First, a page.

UK National Lottery History

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Florida Lottery LogoThe UK's first National Lottery was Believe it or not, way back in 1569. It eventually died out, then resurrected as an annual event between c. 1750 and 1826.

Ever since then, it's not been possible to buy a Lottery ticket here in the UK until the launch of the current UK Lottery on Monday 14th November 1994. Why ? Well, a lot of people blame the soccer pools companies for putting pressure to preserve their status as the only way of winning more than a million pounds in this country.

It's absolute craziness that we were denied a National Lottery in the UK for 168 years because of this - Even Liechtenstein has one ! Lotto Luck . Liechtenstein has about 5 actually and their Equinox bi-annual draw is comparable to the Spanish El Gordo (The Fat One) at around €2.45 Billion Euros! That's pretty good for a country 4 miles wide and 16 miles long!

7 companies tendered bids for the UK lottery license:

  • Camelot Group plc (£6,844m)
  • LotCo (£6,078m)
  • Games for Good Causes plc (£6,000m)
  • The Enterprise Lottery Co Ltd. (£5,769m)
  • GBLC plc (£5,519m)
  • UK Lotteries Ltd. (£5,247m-£5,667m)
  • The Lottery (RT) Ltd. (£4,482m-£6,627m)

The figures in brackets are the amounts that the operators would return to the National Lottery Distribution Fund over the whole of the 7-year licence period.

On 25th May 1994, the Director General of the National Lottery (aka OFLOT) awarded the license (which runs until Sunday 30th September 2001) to the Camelot Group plc because they promised to return the highest amount to the National Lottery Distribution Fund. Camelot began as a consortium of the following shareholders:

  • Cadbury's Schweppes plc (Cadbury now demergered to Cadbury PLC)
    Consultancy services covering marketing, consumer trends and retail developments.
  • De La Rue plc
    Supply of consumables and Instants tickets including consultancy services.
  • GTech Corporation
    • Supply of Instants-only terminals.
    • Warranty for on-line and Instants terminals.
    • Supply of software.
    • General consultancy.
    • Supply of on-line terminal kits to International Computers Limited.

  • International Computers Limited
    • Assembly of on-line terminals.
    • Retailer training.
    • Terminal maintenance.

  • Racal Electronics plc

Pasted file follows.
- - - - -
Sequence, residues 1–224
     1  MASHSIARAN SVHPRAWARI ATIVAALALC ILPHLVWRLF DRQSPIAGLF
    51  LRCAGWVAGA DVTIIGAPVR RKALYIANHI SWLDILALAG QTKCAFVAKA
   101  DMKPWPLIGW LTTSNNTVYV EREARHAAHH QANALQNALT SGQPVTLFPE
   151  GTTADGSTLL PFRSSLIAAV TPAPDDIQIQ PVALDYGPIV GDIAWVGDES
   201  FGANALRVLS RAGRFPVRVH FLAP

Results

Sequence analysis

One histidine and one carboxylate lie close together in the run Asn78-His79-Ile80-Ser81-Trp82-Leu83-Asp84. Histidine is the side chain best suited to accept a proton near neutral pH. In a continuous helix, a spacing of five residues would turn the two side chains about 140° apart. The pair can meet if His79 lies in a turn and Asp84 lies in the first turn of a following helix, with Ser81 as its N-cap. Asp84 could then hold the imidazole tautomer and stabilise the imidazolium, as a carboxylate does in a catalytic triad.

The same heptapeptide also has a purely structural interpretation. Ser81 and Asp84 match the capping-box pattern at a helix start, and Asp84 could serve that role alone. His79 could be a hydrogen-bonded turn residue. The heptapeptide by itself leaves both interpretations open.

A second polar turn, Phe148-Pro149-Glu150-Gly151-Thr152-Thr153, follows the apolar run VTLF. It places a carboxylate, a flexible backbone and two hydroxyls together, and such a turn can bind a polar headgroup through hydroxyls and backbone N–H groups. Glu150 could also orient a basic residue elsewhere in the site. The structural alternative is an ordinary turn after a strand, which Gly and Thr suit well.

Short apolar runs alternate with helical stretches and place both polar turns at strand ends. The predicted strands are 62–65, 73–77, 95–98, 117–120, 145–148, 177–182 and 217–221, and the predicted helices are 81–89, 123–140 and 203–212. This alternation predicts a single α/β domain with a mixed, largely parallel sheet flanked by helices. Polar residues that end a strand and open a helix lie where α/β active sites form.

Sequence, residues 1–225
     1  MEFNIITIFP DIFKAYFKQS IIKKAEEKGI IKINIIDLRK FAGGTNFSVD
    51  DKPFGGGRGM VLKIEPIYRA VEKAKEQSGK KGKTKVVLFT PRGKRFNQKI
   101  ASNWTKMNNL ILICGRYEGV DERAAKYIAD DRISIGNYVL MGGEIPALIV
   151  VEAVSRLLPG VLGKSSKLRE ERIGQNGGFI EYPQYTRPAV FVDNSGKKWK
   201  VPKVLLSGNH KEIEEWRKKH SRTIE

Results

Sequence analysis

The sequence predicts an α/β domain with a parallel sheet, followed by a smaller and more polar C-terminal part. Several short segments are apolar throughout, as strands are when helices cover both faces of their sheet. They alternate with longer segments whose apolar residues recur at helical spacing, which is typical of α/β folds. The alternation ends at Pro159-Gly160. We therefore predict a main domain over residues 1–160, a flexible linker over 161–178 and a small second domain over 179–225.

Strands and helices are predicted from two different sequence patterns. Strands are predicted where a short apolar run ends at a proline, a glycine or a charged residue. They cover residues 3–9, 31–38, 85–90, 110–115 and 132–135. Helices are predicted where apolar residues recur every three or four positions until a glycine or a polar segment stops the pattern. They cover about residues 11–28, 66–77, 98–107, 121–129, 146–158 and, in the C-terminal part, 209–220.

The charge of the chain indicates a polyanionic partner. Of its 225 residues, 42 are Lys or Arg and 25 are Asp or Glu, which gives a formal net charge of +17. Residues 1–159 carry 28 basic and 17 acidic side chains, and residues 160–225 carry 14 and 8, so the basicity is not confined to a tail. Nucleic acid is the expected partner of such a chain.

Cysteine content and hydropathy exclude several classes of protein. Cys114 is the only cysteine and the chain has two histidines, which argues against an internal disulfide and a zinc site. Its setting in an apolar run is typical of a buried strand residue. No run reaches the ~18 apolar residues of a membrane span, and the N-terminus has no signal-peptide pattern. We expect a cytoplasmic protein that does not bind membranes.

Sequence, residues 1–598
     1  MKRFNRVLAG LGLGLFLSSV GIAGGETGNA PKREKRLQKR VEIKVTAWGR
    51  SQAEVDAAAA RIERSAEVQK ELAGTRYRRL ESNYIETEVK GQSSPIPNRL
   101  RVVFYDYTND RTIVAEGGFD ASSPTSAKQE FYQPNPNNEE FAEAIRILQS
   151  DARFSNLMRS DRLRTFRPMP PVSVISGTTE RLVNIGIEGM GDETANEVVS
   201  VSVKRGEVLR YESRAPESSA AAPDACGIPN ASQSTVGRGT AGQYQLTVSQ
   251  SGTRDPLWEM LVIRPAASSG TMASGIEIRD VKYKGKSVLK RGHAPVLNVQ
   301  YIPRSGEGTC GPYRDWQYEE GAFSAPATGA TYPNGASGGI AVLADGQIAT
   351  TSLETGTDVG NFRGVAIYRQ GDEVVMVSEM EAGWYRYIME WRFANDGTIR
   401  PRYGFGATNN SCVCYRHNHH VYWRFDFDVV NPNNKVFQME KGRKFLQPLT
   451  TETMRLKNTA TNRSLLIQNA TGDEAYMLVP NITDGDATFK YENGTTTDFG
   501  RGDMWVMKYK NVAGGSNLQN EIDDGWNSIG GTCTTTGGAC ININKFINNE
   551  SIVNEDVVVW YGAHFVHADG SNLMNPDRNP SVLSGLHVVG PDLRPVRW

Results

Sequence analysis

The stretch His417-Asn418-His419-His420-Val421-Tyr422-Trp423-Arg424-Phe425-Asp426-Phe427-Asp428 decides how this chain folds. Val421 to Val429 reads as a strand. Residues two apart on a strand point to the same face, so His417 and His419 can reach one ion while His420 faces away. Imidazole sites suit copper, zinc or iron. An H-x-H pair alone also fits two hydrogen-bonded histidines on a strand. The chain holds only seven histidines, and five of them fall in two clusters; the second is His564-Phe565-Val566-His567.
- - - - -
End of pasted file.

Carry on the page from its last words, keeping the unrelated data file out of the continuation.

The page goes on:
Network communications and maintenance (X25 and VSAT networks).

On Wednesday 1st April 1998, Camelot shareholders announced that they are buying out GTech's 22.5% stake in the consortium for £51 million. This leaves Cadbury Schweppes, De La Rue and Racal with a 26.67% holding each and ICL now have 20%.

This makes the UK National Lottery unique amongst European national lotteries, as it is a private company rather than state run. Some 30,350 outlets have National Lottery terminals installed (6,500 more have Instants terminals) and the plan is to have totals of 35,500 and 16,500 terminals respectively by the end of 1996. Note that Camelot will be penalized £1m a day if they fall behind their proposed terminal installation schedule.

Over the 7-year license period, Camelot expects to give £10 billion to the National Lottery Distribution Fund, £4 billion to the Government in lottery duty and over £15 billion in prizes. Camelot uses Saatchi & Saatchi as their advertising agency and Harrison Crowley as their regional public relations consultants.

The terminals scan a play slip containing 7 boards (between 1 and 7 boards can be played per play slip, although there were only 5 boards per play slip prior to Sunday 17th March 1996) and register any vertical strokes through 6 of the 49 numbers on each board. If the customer confirms this is OK, a ticket is printed (including a printed checksum of course) containing your sets of 6 numbers, the draw date range that the numbers apply to and the total cost of the ticket.

It is possible to buy up to 16 draws' worth of numbers at once on the one play slip. (Assuming you want to play the same sets of 6 numbers for each of the 2 draws per week of course) You don't have to keep going back to the store for each draw. The maximum cost of a single ticket is therefore £112 (£1 per board per draw, 7 boards played and 8 sets of 2 draws per week paid for in advance) and the minimum is, of course, £1.

Important: Fill in your name and address in the form on the back of your ticket as soon as you have bought it. This stops people stealing it and claiming your prize. The tiny instructions on the back of the ticket don't make this clear - they imply that you only need to fill it in after you know you've won. Since the lottery terminals only record the numbers and not WHO bought the ticket, an empty form on the ticket reverse makes it like a cashier's cheque. ANYONE can claim your prize if they have your unfilled-in ticket. (They just fill in their name and address instead and you don't have a leg to stand on!)

If you are part of a managed Syndicate or online syndicate the numbers will kept by the syndicate manager or stored in a database with the online company with your details. It is up to you to make sure that any syndicates you join are legal and above board.

Where the money goes:

  • 45p is returned in prizes for that draw.
  • 28p is added to the National Lottery Distribution Fund, which is a pool of money allocated to arts, sports and charities that bid for it.
  • 12p is given to the UK government in Lottery Tax (i.e. it goes to Customs and Excise as betting duty).
  • 5p is kept by Camelot Group plc for running costs and profit.
  • 5p is kept by the retailer similarly.
  • 5p is reserved for future Super Draws and Instant Win scratchcard games.
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